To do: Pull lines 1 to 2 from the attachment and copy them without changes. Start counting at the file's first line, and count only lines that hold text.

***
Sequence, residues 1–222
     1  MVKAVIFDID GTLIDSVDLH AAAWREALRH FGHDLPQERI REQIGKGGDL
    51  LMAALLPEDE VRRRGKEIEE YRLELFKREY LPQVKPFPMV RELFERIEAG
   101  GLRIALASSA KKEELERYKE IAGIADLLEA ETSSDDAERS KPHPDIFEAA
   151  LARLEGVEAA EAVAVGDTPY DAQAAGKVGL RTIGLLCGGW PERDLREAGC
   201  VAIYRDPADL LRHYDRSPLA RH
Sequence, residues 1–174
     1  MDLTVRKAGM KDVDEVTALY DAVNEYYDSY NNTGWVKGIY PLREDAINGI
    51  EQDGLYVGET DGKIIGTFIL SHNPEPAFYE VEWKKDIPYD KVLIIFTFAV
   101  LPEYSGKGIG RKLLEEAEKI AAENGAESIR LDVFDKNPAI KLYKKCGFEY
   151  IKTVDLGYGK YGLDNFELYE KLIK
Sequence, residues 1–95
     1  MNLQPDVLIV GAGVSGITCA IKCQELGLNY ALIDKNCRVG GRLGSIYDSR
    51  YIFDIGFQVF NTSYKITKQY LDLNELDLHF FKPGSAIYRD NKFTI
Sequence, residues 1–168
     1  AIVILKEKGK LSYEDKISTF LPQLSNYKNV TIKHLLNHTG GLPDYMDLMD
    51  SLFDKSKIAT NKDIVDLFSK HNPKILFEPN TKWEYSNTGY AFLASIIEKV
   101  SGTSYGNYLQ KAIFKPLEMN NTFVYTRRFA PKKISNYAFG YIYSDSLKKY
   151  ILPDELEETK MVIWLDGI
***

Sequence, residues 1–222
     1  MVKAVIFDID GTLIDSVDLH AAAWREALRH FGHDLPQERI REQIGKGGDL